In June of 2014, Washington State Insurance Commissioner Mike Kreidler announced that insurers selling policies in the state could no longer discriminate against transgender residents. This was exciting news because, up until that point, trans people had to jump through burning hoops to get the care they needed. The announcement offered us hope for the future. Three years later, many of us are still struggling, and have yet to experience the promised change.
When I started my transition, one of the first things I wanted was a hysterectomy. My reproductive organs had plagued me from the onset of puberty. Every period was a nightmare. And unfortunately, while I no longer get visits from Aunt Flo, I still feel her pain each and every month.
At the time, my doctor told me outright that insurance companies would only approve this surgery for someone who was still considered female in the eyes of the law. Furthermore, she explained that insurance companies wanted women to go through a series of steps just to be sure nothing else could be done before permanently removing the uterus.
I could understand to a certain extent why that was, but for a trans man, aching to feel better for the first time in his life, it was disheartening news, especially because I had no plans to bear children. I hadn’t started hormones yet and my doctor did say that it would be wise to refrain from changing my information — name and sex — if I ever did want my surgery covered, because once I was no longer technically female, the situation could get even stickier.
Despite the advice, within a year I had changed my information. I became legally male. My doctor signed the papers and I stood before a judge after the state approved my request for a name and gender change.
Why didn’t I follow the doctor’s advice? One of many things I’d have to try before the prospect of a hysterectomy would be considered by insurance was being on birth control. I wasn’t willing to start birth control because the hormones would have been counterproductive to my medical transition. By that time, I had also heard about the change in trans coverage in the state and I felt hopeful that I would finally be allowed to have the most vital surgery of my life — something even more important to me than top surgery.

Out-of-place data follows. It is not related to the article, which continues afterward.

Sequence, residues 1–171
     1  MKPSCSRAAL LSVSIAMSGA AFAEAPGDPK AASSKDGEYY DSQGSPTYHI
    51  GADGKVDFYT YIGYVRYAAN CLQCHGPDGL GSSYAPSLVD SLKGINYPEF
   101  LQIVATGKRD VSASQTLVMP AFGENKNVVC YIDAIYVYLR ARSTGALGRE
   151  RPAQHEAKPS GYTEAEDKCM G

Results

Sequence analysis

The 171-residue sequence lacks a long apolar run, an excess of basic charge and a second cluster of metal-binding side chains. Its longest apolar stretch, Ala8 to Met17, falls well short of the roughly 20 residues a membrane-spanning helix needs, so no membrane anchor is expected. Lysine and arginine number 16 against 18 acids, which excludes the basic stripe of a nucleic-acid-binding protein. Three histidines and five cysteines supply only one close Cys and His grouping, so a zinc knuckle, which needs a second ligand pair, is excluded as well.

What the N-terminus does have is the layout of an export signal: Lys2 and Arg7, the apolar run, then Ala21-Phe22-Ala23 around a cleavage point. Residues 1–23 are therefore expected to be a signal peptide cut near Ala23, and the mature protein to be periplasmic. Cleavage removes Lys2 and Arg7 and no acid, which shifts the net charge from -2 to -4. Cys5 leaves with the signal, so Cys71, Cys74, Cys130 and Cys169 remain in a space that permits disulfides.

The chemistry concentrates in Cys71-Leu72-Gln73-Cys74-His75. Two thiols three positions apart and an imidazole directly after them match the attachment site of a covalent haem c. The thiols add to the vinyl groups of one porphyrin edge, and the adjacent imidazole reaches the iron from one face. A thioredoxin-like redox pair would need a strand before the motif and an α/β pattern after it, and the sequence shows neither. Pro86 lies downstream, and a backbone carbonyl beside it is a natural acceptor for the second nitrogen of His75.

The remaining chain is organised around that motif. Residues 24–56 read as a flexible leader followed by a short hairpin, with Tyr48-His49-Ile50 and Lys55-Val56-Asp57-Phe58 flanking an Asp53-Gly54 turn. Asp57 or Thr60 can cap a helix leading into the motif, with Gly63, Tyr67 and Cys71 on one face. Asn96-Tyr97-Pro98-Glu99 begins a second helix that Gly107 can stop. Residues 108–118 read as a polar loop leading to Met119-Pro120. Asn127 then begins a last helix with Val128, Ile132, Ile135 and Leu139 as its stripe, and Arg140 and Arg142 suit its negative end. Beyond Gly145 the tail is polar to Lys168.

Before transition, my doctors said I had dysmenorrhea, which means “painful periods with cramps.” When the pain continued even after transition I had a sonogram, and it revealed nothing obvious causing the pain. Truthfully, no one really knows why some trans men continue to feel pain after our periods stop. I’ve heard doctors say it’s the uterus’s way of dying dramatically. How’s that for implicit bias?
Initially, my insurance said no to paying for the hysterectomy — not because I hadn’t completed the list of medical prerequisites, but because I was a man. It didn’t matter that I was a trans man with a uterus. The insurance company doesn’t give men hysterectomies; there was nothing else the people there could tell me other than that their policy hadn’t been updated in quite a few years.
At the start of 2016, I was elated to discover that my insurance finally included the coverage I so desperately needed. It would cover 80 percent of the cost of my hysterectomy and I would be responsible for the rest. I was floored and so very ready. I had met with my surgeon, Dr. Mason in Seattle. All I had to do was set the date and figure out how I was to come up with the remaining money.
Then, out of nowhere, I lost coverage. I was 25 and still insured under my parents, but then my mother lost the job that provided that coverage, and therefore I lost coverage too.
I’d have to find my own insurance. I made just over the amount to qualify for state assistance and so I went with the only plan I could afford, through Ambetter. I’m still struggling to find the care that I need. This spring I had a conversation with Ambetter that went like this:
“Hi. I’m a transgender man, and I wanted to ask if you covered hysterectomies,”
“Uh—. Let me check—. Sorry, no, that’s considered cosmetic.”
Cosmetic? As if anyone can see my uterus.
While discrimination is alive and well among insurance companies, I’m grateful to those companies that are working hard to ensure proper care for people like me. Feeling human, healthy, and comfortable shouldn’t be considered cosmetic. In my case, the removal of my reproductive organs is a medical necessity, not only for my transition but for my overall health.
So the question is, what’s next? Keep fighting, of course. In the months to come, I am meeting with a new doctor, who has already expressed her determination to help trans people facing these kinds of issues. From there, I’ll put in my request for the removal of my entire reproductive system. A denial letter will come and I will appeal it. Hopefully, with only a bit of patience and a lot of luck, by the end of the year I could be living happily in a body that is truly my own.
COLE HAYES is a 25-year-old trans man living near Seattle. He is an aspiring author and enjoys documenting his transition through YouTube. Follow him on Twitter @itscolehayes.